Rambunctious Rodents

Throughout our lives no matter our age there are those we see as guides.  They may be family, friends or people we don't even know personally.  We try to imitate those traits we admire about them the most.

When we are younger it is most likely our parents whose footsteps we wish to follow.  For children living in a single-parent home, this parent may be their only anchor.  The Infamous Ratsos (Candlewick Press, August 2, 2016) an early chapter book written by Kara LaReau with illustrations by Matt Myers follows two brothers who make every attempt to emulate their dad's view of people in the world.


This is Louie Ratso.  This is Ralphie Ratso.  

Neither Louie, a fifth grade student, nor Ralphie, a third grade student, want to be considered a "softie".  Everything they do needs to shout out loud they are tough to the core.  Louie who considers himself the brightest of the duo has a perfect plan to prove this truth.

During recess their body language and facial expressions supposedly convey their disdain for normal activities.  Working together they take a too-small hat from a huge bully, Chad Badgerton.  Their success, though, is short-lived.  It seems the hat was taken from one of their tiniest classmates on the bus earlier.  They are heralded as heroes!

With this failure weighing heavily on the twosome, a snow storm of epic proportions provides them with another opportunity.  Hours of shoveling have them gleefully hopeful but awakening from a much-needed rest, they are flabbergasted by their results.  Two more schemes, a food concoction and sudsy strategy, have Louie and Ralph nearly dancing at the probable outcome.

When they least expect it, Big Lou shocks them with a list of accusations.  If you would have asked any one of the three earlier about the outcome, they would have denied it.  Life is full of surprises.


Seven short energetic chapters written by Kara LaReau will captivate the intended audience.  The family dynamics, the comradeship between the two brothers (except when facing possible consequences) and the characters within the school and neighborhood communities are portrayed realistically.  It's the humor which flows freely in each episode that will have readers alternately cheering and laughing at the brothers.

LaReau uses words and sentence structure familiar to readers.  She writes like they think and talk.  Having Louie and Ralphie repeat a similar phrase at the end of most chapters adds a cadence to the narrative.  Here is a sample passage.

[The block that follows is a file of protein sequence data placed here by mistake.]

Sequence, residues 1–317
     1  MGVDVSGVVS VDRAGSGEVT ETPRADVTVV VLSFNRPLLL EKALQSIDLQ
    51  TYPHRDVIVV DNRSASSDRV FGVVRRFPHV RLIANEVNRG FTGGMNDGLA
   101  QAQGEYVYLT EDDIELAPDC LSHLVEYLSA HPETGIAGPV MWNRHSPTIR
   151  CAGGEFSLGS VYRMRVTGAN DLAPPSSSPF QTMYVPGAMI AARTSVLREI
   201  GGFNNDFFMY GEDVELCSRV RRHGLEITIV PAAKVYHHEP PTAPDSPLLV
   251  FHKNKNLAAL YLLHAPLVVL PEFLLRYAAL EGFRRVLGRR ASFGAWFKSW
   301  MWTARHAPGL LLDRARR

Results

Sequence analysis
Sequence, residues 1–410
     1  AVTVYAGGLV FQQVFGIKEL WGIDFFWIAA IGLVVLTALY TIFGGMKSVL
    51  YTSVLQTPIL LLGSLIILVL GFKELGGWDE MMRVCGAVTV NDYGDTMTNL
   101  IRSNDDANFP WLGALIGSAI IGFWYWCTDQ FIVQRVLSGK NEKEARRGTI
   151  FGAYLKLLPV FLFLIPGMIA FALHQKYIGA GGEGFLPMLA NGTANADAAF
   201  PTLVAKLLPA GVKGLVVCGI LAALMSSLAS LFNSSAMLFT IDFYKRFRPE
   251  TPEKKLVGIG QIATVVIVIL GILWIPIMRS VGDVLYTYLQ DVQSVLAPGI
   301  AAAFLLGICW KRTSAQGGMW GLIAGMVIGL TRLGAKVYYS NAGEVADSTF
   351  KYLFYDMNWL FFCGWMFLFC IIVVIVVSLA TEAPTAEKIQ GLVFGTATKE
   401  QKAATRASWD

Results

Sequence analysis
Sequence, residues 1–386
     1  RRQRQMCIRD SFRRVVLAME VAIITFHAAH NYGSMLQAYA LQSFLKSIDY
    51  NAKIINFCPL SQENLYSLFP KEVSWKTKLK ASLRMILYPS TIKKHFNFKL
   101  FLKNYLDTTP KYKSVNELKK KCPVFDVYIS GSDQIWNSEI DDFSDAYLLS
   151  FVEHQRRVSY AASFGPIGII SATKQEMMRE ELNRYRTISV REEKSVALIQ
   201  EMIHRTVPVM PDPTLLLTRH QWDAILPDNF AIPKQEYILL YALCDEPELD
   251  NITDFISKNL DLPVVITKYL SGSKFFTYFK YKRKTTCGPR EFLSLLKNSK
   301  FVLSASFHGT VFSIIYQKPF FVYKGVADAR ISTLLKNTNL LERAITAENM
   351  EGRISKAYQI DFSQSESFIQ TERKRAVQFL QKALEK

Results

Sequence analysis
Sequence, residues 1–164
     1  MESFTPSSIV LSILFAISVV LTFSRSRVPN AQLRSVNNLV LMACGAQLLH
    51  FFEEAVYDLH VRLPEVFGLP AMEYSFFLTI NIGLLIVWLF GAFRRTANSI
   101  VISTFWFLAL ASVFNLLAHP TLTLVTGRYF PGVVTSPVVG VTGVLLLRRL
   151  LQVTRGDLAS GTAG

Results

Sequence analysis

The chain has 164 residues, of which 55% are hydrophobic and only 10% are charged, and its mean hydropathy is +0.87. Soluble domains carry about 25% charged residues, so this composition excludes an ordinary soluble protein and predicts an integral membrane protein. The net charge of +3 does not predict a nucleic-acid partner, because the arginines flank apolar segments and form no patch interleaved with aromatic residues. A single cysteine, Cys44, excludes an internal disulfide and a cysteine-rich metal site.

Then he says, "After tonight, everyone in the neighborhood will know how tough the Ratso brothers are."
They wait until they hear Big Lou's snoring, and then they sneak out of the apartment and down the stairs and outside.  They creep over to Mrs. Porcupini's house.  Ralphie reaches into his pockets and pulls out two big...

"Let's teach that prickly pickle not to give us sour looks," he whispers.  


The ink and watercolor illustrations rendered by Matt Myers elevate the comedy found in the narrative.  His first image of a portion of the brick-walled apartment building crosses the gutter to the title page.  Opposite the verso Louie and Ralphie can be seen carrying several water balloons.  In the following picture Louie is releasing a balloon out an open window.  It is on the final page we are privy to the results of that act.  (You will laugh out loud.)

At nearly every page turn we are greeted with a full or partial page picture.  The details mirror marvelously the characters and their surroundings. Readers can see a book titled Rat Trap 1000 Pranks Endless Fun on the floor of the family's apartment, the pattern of sawed logs on Miss Beavers' dress, and the sign hanging in Mr. O'Hare's store window, Hop In We're OPEN.  

One of my favorite illustrations is of the steaming cups of hot chocolate with marshmallows.  They are supposed to say HUG SOMEONE TODAY.  You can see the boys have changed the first word.  One days SLUG SOMEONE TODAY.  The other mug reads BUG SOMEONE TODAY.  They are trying to be tough in all respects, but will only elicit smiles from readers.


The Infamous Ratsos written by Kara LaReau with illustrations by Matt Myers is fun from beginning to end generating a huge dose of giggles and grins.  As readers will discover along with the brothers being tough is hard work.  The final two chapters will have readers hip-hip-hooraying.

To learn more about Kara LaReau and Matt Myers please follow the links attached to their names to access their websites.  At the publisher's website readers can view one of the inside spreads.  Both Kara LaReau and Matt Myers are on Twitter @karalareau @myerspaints

Update:  August 10, 2016 Author Kara LaReau shares ideas for hosting a The Infamous Ratsos party.

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